Issues / Democracy & Governance
The unrest gripping Turkey has less to do with Islam than with the AKP’s policies of privatization, its push to centralize authority in the hands of the country’s executive branch, and its silencing of the media.
As the Muslim Brotherhood scrambles to limit the regional damage to its influence, U.S. Middle-East policy is once again in disarray.
In 2013, Planet Earth isn’t big enough to protect dissidents like Edward Snowden.
NSA spying is sullying Washington's relationship with nearly every one of its global partners and competitors.
With the latest green finance talks in Songdo, wealthy countries have taken another step toward financializing the world's response to climate change.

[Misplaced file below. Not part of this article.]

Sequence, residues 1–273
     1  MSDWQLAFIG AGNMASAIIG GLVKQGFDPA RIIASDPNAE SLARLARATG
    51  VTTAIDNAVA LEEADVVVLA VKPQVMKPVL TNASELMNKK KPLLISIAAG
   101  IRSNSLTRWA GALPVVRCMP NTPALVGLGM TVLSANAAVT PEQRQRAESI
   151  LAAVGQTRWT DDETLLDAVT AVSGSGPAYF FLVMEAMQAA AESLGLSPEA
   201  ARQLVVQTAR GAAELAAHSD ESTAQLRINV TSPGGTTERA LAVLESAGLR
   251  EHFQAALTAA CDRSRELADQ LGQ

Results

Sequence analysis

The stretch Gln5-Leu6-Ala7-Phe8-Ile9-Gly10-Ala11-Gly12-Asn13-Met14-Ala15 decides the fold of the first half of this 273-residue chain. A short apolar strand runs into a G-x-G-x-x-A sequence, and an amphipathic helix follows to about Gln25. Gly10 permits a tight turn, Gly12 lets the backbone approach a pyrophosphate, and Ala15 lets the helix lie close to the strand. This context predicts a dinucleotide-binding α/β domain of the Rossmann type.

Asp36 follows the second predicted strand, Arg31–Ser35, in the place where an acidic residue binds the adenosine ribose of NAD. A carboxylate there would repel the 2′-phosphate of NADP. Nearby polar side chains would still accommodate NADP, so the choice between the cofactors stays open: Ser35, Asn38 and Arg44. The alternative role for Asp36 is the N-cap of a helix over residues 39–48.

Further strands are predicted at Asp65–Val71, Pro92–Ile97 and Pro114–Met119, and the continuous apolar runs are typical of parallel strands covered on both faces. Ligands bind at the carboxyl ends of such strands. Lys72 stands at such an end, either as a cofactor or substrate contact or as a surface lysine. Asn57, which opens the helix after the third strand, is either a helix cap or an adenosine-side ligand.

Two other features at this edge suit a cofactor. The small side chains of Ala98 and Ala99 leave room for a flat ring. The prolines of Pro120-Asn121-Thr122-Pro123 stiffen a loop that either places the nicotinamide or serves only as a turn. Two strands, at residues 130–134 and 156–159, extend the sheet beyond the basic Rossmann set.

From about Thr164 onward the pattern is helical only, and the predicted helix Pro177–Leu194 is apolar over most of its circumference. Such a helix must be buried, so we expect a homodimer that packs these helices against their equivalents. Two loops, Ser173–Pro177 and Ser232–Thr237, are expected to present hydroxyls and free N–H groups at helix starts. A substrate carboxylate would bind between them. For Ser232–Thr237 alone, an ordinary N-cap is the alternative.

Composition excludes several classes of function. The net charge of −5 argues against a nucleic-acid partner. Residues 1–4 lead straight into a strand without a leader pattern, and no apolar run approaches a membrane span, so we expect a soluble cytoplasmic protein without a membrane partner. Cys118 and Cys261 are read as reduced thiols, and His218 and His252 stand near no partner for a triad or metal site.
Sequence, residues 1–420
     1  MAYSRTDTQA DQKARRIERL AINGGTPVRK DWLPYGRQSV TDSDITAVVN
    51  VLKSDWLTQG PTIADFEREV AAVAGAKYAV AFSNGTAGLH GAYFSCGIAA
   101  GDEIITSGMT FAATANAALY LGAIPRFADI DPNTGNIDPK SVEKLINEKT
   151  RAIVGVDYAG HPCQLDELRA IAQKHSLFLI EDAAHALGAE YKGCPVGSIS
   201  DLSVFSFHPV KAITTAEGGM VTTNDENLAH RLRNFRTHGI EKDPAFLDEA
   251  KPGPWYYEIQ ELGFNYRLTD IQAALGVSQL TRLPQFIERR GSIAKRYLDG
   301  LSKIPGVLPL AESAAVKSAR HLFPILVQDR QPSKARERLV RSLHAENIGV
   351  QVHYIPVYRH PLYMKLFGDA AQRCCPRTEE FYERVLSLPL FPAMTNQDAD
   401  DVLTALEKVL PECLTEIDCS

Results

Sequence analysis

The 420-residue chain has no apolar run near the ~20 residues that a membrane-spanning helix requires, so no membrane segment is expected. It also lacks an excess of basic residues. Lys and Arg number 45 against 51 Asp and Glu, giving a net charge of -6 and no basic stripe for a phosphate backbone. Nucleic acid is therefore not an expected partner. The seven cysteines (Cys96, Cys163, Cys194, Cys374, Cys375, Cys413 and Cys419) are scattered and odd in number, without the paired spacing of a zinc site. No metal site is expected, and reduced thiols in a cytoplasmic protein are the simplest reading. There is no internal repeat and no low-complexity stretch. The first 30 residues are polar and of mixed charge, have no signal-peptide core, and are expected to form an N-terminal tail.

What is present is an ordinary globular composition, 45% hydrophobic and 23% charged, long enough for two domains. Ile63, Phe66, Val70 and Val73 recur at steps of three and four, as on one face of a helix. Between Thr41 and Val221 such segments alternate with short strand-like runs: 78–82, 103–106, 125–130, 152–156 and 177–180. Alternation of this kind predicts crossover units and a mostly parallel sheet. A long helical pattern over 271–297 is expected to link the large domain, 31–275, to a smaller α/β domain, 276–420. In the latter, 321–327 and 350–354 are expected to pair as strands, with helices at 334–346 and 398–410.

For over a century, “surveillance blowback” from America’s wars has ensured the creation of massive internal surveillance state.
It took some doing on the part of Morsi to undermine the confidence of a whole country in less than a year.
Is the coup in Egypt a sign of declining U.S. influence in the region?
Though representatives of radical Islamism, the Muslim Brotherhood have much in common with many Americans.
Though the Egyptian military is painting itself as a guardian of stability and democracy, there is ample reason to believe it will bring neither.